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Comparative Studies of South Asia, Africa and the Middle East 22.1-2 (2002) 145-146

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Notes on Contributors

Henry F. (Chip) Carey, assistant professor of political science at Georgia State University, has published essays on East European politics, international human rights, and democratization. Most recently, he has edited the forthcoming Romania since 1989: Politics, Economics and Culture (Lanham, MD: Lexington/Rowman and Littlefield, 2003); National Reconciliation in Eastern Europe (New York; East European Mono-graphs/Columbia University Press, 2003); co-edited NGOs and Peace Processes (London: Frank Cass, 2003); and guest-edited a special journal issue of the Journal of Human Rights on "NGOs and the Rule of Law" (2003).
James D. Clark obtained a Ph.D. in modern Middle Eastern history from the University of Texas at Austin in 1999. Between 1992 and 2000 he worked in Tajikistan and Macedonia several times as a cultural consultant for the University of Nebraska, where he has also taught courses on the history of Islam and World Civilization. Since 2000, he has been serving as the Overseas Director in Tehran for the American Institute of Iranian Studies. He is presently completing a history of the Iranian province of Azerbaijan during the second half of the nineteenth century and a translation from Persian of The Travelogue of Ebrahim Beg by Zayn ol-Abedin Maraghe'i.
Juan Cole is professor of Middle Eastern and South Asian History at the University of Michigan and editor (1999-2004) of The International Journal of Middle East Studies. His books include Sacred Space and Holy War (London: I.B. Tauris, 2002); Modernity and the Millennium (New York: Columbia University Press, 1998); and Colonialism and Revolution in the Middle East (Princeton: Princeton University Press, 1993).
Linda T. Darling is associate professor of history at the University of Arizona, where she teaches Middle Eastern history and historiography. She is author of Revenue-Raising Legitimacy: Tax Collection and Finance Administration in the Ottoman Empire, 1560-1660 (Leiden: Brill, 1996) and is currently working on a book tentatively titled "Justice and Power in the Middle East."
Runa Das is a doctoral candidate and graduate instructor in the Department of Political Science at Northern Arizona University, Flagstaff. Her dissertation examines international security politics/policies with a focus on South Asia. Her recent publications include: "Broadening The Security Paradigm: A Note on the Tension Between the Realist and Anti-Proliferation Lobbies in India," The Indian Journal of Political Science 62, no.2 (June 2001): 253-263; and "The Construction of Rogue States: Indo-U.S Nuclear Relations in the Late 1990s," Administration, Communication and Society 3, Issue 5 (January-December 1999): 61-92. Her expected graduation date is August 2004.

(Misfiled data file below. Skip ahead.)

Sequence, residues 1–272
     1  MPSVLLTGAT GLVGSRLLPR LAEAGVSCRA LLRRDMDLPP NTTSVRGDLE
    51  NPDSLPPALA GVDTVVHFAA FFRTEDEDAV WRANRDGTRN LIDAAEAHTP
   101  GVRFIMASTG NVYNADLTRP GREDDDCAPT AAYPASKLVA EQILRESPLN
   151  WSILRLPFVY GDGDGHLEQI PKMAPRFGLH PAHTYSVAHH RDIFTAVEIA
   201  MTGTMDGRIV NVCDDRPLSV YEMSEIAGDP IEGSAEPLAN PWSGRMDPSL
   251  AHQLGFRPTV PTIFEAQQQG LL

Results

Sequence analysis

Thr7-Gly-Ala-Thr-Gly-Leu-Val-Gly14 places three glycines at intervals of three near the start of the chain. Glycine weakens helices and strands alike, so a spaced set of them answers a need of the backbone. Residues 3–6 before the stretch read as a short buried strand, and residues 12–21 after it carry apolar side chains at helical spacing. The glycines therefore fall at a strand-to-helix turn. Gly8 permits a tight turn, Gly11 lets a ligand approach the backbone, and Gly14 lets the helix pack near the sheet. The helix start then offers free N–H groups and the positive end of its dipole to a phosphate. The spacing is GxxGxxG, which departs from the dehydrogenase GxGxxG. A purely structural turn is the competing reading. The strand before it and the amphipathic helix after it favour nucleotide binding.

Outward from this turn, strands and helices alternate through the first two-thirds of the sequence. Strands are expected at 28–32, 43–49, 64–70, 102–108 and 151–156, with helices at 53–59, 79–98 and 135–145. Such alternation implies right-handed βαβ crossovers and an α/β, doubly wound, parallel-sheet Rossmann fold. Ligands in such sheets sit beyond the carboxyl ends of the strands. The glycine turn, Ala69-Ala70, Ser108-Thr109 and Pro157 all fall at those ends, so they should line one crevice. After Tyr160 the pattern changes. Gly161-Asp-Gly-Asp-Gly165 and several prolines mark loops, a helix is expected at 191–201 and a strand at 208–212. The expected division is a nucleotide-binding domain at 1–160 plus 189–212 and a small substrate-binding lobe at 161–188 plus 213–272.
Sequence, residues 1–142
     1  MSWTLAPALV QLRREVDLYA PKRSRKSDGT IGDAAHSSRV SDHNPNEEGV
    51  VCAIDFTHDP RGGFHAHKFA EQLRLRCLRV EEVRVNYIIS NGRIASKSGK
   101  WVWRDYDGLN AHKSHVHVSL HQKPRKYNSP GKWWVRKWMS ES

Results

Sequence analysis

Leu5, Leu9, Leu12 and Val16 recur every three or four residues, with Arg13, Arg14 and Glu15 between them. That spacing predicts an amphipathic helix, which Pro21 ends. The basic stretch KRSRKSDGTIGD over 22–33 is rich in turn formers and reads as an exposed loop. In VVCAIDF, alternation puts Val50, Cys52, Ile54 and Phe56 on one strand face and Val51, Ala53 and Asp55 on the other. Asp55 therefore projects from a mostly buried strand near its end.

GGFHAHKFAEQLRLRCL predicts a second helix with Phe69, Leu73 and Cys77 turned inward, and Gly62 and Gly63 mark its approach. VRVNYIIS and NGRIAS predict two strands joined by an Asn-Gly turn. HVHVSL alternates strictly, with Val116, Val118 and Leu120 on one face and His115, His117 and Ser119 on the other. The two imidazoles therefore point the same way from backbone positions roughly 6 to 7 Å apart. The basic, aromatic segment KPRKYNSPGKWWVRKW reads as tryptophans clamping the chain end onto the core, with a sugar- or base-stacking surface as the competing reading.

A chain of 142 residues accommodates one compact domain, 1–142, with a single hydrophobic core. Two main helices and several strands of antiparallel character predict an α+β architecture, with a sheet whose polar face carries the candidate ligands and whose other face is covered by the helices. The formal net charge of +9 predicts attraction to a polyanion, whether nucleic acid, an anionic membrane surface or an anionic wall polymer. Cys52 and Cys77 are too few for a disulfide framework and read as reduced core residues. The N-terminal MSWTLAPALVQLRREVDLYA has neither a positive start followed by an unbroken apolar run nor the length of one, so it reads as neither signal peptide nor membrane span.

Mehran Kamrava is Associate Professor and Chair of the Political Science Department at California State University, Northridge. He is the author of a number of books, including Democracy in the Balance: Culture and Society in the Middle East and Politics and Society in the Developing World, 2nd ed. His latest book on the Middle East, The Modern Middle East: Change and Continuity, will be published later this year.
Fatemeh Keshavarz is associate professor of Persian and Comparative Literature at Washington University in St. Louis. She holds a Ph.D. in Near Eastern Studies from the School of Oriental and African Studies at London University. She is a published poet in her native language (Persian) and the author of three books and many journal articles. Her latest book: Reading Mystical Lyric: the Case of Jalal al-Din Rumi (Columbia: University of South Carolina Press, 1998) analyzes the poetic contribution of the medieval Persian poet and mystic Rumi. Kesharvaz also teaches, and carries out research, in areas related to gender and politics in Islam. Her forthcoming article "Making of a Heroine: Nizami's Shirin as Lover and Educator" explores the ideal of womanhood in Persian literature.
Rochona Majumdar is a joint doctoral candidate in the Departments of History and South Asian Languages and Civilizations at the University of Chicago.
Patricia K. McCormick is an assistant professor in the Department of Radio, TV and Film at...


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